“The realtors of my country and a lot of individual Puerto Rican vendors don’t respond to my calls, texts nor emails,” said Ismael Cruz Cordova in post on Instagram. The young Puerto Rican actor currently resides in the United States and wanted to “invest in his country” by buying “a little house and a bit of land” to call his own. He conducted “an experiment” in which he asked a British friend with a ” very Anglo-sounding name” to call the same vendors. His friend got callbacks from every one “almost immediately.”
Many others have faced similar circumstances when trying to return to the archipelago after leaving to pursue better job opportunities not afforded to them by Puerto Rico’s rapidly constricting economy.
Pablo Defendini, reacting to Cruz Cordova’s message, posted an email exchange he had with a Puerto Rican realtor, who asked if he spoke English after Defendini wrote him in Spanish. “If I speak to them in Spanish they blow me off; if I speak in English no,” he tweeted. His post was met with others sharing their own experiences of being disregarded in favor of English-speaking renters or buyers.
— Pablo Defendini (@pablod) January 3, 2022
Meanwhile, in private Facebook groups like Act 60 / 20 / 22 Puerto Rico Tax Incentive Forum (Heavily Moderated) and Puerto Rico Act 20 / 22 Real Estate, there are dozens of properties listed at exorbitant prices. Among these, the most eye-catching to the Puerto Rican public has been the sale of lands bordering the archipelago’s tropical forest. A “spectacular 225 acres of land” at the foot of El Yunque National Forest were recently sold for more than $2.2 million dollars. El “Charco del Hippie,” a popular swimming hole in the area frequented by hundreds of families on the weekends, was one of the main selling points for the property. The advertisement explicitly stated that it was ideal for “short term rentals” and that tax incentives for Act 20 and Act 22 investors could apply.
Browsing Airbnb shows that a substantial amount of the archipelago’s apartments and houses have been converted into short-term rentals by tax incentive grantees. Many of these are priced at more than $80 per night, far out of the price range for most Puerto Ricans, over 40 percent of whom live below the poverty line. Clearly, such properties are geared to Puerto Rico’s wealthy elite who, thanks to the incentives, are primarily foreigners.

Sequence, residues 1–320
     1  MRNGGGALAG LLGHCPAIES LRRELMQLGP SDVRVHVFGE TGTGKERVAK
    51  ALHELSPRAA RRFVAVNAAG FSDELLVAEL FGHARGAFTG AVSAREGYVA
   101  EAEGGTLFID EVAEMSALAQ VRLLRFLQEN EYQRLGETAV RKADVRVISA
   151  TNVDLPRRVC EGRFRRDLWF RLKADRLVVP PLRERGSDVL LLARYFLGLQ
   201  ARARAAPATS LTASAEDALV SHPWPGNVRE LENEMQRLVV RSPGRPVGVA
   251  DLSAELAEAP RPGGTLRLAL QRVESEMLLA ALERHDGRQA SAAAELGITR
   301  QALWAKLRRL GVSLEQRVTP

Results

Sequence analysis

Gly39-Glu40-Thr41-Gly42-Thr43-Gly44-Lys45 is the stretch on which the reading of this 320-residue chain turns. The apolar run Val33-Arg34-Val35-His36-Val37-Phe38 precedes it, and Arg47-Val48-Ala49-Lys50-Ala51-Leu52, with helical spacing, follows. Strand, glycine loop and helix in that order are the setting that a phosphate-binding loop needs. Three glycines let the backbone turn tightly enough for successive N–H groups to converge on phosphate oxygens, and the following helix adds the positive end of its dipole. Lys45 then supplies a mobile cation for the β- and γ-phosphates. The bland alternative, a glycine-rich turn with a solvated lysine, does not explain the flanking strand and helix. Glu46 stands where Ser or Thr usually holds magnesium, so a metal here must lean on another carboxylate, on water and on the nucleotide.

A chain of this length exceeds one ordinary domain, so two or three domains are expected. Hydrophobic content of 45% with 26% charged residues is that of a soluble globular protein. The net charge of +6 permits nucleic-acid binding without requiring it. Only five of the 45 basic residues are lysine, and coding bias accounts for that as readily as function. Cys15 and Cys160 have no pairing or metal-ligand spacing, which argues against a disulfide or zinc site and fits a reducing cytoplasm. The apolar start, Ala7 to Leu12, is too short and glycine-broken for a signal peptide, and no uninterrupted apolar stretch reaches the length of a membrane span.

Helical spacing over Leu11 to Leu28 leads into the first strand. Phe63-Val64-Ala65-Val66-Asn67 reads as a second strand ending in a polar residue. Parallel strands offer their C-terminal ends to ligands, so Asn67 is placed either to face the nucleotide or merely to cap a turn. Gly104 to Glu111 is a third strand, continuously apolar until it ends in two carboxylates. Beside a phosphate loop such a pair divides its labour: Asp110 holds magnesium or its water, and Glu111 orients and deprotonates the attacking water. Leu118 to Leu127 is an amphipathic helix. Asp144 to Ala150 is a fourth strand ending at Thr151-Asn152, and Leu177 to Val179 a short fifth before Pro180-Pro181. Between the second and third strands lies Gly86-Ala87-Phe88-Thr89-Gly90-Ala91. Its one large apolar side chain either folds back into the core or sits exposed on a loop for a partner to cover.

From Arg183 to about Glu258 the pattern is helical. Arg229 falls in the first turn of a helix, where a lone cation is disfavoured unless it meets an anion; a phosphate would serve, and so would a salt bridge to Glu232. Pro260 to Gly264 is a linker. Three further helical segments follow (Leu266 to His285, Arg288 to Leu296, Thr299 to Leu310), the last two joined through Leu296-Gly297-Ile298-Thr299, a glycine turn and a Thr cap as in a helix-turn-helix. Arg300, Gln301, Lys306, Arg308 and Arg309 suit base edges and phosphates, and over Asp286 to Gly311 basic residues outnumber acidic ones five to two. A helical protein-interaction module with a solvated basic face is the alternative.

Gov. Pedro Pierluisi has maintained that the incentives help the archipelago and its people. But he’s faced harsh criticism due to the financial gains his family has enjoyed because of the law. His daughter-in-law Blanca Hebé Pierluisi, a real estate agent, is the administrator for the private Facebook group Act 20/22 – Puerto Rico Real Estate Guide. Meant to “inform individuals of the local real estate practices in Puerto Rico,” the group boasts 5,000 members. Some comments implore her to speak to her father-in-law to “stand up to the IRS” and block audits of their tax incentive grantee status.
Such Facebook groups, which rapidly became private after facing criticism from Puerto Ricans, are the main space where Act 60 grantees congregate to share tips and advice. But there are more sinister features to these groups. One group proudly claims it will ban anyone who attempts to “shame a decree holder into silence based on their perceived racism, prejudice, colonialism, stereoptypes [sic], hateful statements/opinions.” Another group posted a person asking if it was “racist” to pay Puerto Ricans less than their American counterparts because of the local job market.
The comment making the case that Pierluisi “stand up to the IRS” because “tax decree holders did a lot to get him elected” highlights a mounting concern for many Puerto Ricans, in that investors and their money hold increasing sway over the archipelago’s politics going forward.
Ultimately, the influx of rich foreigners brought to Puerto Rico —and the exodus of Puerto Ricans not afforded the same luxuries as their foreign counterparts— has caused a displacement crisis with no end in sight. The archipelago’s government continues to cater to Act 60 grantees, making it so that places like Dorado, Palmas del Mar and Rincón are well maintained while the parts of Puerto Rico where locals who don’t apply for tax incentives live —and where their families have lived for generations— continue falling deeper and deeper into disarray.
“A Puerto Rico without Puerto Ricans” is becoming more of a reality every day.
Carlos Edill Berríos Polanco is a freelance journalist, mostly focused on civil unrest, extremism, and political corruption. Twitter: @Vaquero2XL